Article of the Month - Oct 2000

This article by Nitin Kumar Editor’s note: This post was originally published in Oct 2000 and has been updated for freshness and comprehensiveness.

(Viewed 2932861 times since Oct 2000)

Table of Content

  •  Introduction

  • The Birth of Ganesha

  • Decoding the Ganesha Statue

  • Head - large elephant head

  • Arms - protects the Universe

  • Attributes in Ganesha’s Hands

  • Ganesha and Animals

  • Significance of the Mouse

  • Ganesha and the Symbols of Auspiciousness

  • Sri Ganesha Statues For You

  • In Your Puja Ghar

  • In your Place of Work

  • In your Home Decor

  • Conclusion

The beloved Hindu elephant-headed-deity popularly known as Lord Ganesha has intrigued thinking men all over the world, all through the ages even unto the present day. Revered across India as the ideal son, brother, and protector of all beings, Sri Ganesha is evoked as “Prathama Pujya”- the first worshipped god. With his blessings, a person gains confidence in the success of their endeavor and his guarding hand keeps negativity and ignorance at bay.

The majesty of Sri Ganesha is all-pervading in the Hindu religious world, to understand one has to go back to Ganesha’s birth. The sacred texts of Hinduism give a variety of stories narrating the events of Lord Ganesha's birth.

The most popular is the one where Ganesha was created by Goddess Parvati as a guardian of her privacy and the following events resulted in Ganesha getting his elephant head and position as Ganapati- Lord of Ganas.

The Birth of Ganesha

Once upon a time on Kailash, goddess Parvati was taking a bath in her private chambers when Lord Shiva entered her bathing area, without announcing his arrival. Enraged with this surprise, goddess Parvati decided to guard her personal space against any such intrusion in the future.

Before going for her bath the next time, she rubbed off the sandalwood paste on her body and fashioned the figure of a young boy. She infused life into the figure and called him her son. The boy was instructed by Devi Parvati to protect his mother’s solitude and not let anyone enter her chamber while she took her bath.

Soon after, Shiva (Lord of destruction and husband of Parvati) came to see Parvati but the young boy, Lord Ganesha, blocked his way. Shiva, unaware that this lad was his son, became furious and in great anger fought with this boy whose head got severed from his body in the ensuing battle. Parvati, returning from her bath, saw her headless son and threatened in her sorrowful rage to destroy the heavens and the earth.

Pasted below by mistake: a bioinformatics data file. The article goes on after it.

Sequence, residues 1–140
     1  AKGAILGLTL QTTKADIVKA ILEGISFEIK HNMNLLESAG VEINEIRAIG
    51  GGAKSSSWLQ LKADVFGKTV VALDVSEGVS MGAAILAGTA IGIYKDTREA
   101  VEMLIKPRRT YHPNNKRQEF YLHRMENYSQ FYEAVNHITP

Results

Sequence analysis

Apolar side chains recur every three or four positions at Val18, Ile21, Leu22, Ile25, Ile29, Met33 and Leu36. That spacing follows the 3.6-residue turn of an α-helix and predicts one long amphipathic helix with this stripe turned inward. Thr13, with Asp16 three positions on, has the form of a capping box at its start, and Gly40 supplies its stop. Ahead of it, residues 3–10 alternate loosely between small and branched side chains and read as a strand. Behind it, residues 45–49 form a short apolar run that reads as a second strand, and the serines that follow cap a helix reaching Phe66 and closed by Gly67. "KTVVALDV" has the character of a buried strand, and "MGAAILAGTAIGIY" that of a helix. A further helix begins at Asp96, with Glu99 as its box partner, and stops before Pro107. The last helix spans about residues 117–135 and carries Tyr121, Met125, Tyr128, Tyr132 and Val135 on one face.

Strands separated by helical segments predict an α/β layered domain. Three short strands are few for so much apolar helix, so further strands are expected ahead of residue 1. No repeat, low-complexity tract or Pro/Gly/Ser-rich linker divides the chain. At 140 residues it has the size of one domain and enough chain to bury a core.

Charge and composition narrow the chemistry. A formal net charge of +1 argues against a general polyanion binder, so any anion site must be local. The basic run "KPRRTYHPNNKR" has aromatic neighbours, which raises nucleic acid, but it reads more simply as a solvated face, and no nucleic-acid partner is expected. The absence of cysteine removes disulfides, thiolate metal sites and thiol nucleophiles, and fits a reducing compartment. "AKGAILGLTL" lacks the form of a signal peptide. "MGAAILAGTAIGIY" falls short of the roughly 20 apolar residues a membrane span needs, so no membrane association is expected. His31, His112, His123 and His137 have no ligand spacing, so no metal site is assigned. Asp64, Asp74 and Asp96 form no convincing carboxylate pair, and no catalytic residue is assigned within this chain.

Shiva pacified her and instructed his followers (known as Ganas) to bring the head of the first living being they encountered. The first creature they encountered was an elephant. They thus cut off its head and placed it on the body of Parvati's son and breathed life into him.

Overjoyed and relieved at the revival of her son, Parvati embraced the elephant-headed boy, who was crowned the head of the Ganas- Gana+ Isha (lord). As a dutiful son of the supreme mother goddess Parvati, Ganesha continues to guard her home- this world.

His blessings make every occasion auspicious, which is why in the common parlance of India, the act of starting something new is often described as doing its “Sri Ganesha” (श्री गणेश करना).

Decoding the Ganesha Statue

A Ganesha statue in a Hindu household is a must-have divine icon, to be worshipped and seen daily for the success of all big and small deeds. Small Ganesha statues are often placed in the Puja ghar, while larger icons are used as Vaastu-prescribed pieces, kept in certain corners of the home to bring a balance to the aura of the space. Let us take a closer look at the Ganesha statue to understand the deeper meanings behind it.